The upside of Gastown's so-called gentrification

I try to keep my personal feelings about Gastown/DTES development away from this blog. I don't want to bore those readers who are far removed geographically, nor do I wish to incense people who oppose development in the area.

Living and working here, however, makes it very difficult to ignore the ongoing struggle between the DTES residents/activists, and the business people/developers/gentrifiers etc.  Before RainCityKnits, I worked in the field of social justice and environmental sustainability and I remain deeply connected to the beliefs that guided me through this work. On the flip side though, I am now a (tiny!) business person here in Gastown.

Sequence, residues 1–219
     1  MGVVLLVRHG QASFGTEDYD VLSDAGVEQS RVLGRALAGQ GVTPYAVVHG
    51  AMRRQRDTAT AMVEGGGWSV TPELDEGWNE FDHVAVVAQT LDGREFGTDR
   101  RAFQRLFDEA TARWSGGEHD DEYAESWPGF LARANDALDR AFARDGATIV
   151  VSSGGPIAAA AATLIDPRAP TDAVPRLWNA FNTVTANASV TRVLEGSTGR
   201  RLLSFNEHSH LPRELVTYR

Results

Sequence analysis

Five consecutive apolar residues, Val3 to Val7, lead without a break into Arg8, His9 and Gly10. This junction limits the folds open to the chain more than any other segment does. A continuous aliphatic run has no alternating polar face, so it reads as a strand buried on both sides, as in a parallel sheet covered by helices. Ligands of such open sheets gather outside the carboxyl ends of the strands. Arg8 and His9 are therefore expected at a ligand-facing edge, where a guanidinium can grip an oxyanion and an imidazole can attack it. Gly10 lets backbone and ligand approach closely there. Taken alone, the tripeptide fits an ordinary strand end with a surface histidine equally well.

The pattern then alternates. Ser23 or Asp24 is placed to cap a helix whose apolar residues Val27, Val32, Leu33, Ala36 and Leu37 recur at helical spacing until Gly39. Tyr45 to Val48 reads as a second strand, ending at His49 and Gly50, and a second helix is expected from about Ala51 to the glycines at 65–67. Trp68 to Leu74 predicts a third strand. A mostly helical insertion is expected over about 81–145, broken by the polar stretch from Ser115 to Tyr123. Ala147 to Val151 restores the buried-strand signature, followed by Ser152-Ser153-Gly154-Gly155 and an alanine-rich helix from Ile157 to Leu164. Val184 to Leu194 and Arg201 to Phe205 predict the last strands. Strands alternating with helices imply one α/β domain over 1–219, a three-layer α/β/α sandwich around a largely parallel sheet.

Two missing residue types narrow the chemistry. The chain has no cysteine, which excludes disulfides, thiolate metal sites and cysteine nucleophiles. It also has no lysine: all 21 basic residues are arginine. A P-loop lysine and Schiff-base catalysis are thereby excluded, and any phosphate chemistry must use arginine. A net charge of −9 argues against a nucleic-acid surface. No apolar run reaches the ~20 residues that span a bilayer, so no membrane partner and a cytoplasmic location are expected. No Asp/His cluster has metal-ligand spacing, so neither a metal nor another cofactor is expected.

For the reasons listed above, I get incredibly excited when I learn of inclusive projects down here. Save on Meats is a fantastic example of this inclusive approach to business and community development. When I found Mark Brand's amazing TedX Vancouver 2012 appropriately titled The Impact of an Unconventional Solution, I decided that I had to share it. (And since I just walked passed him on the street, I thought it was time to finally post this).

Everyone's got an opinion. What's yours?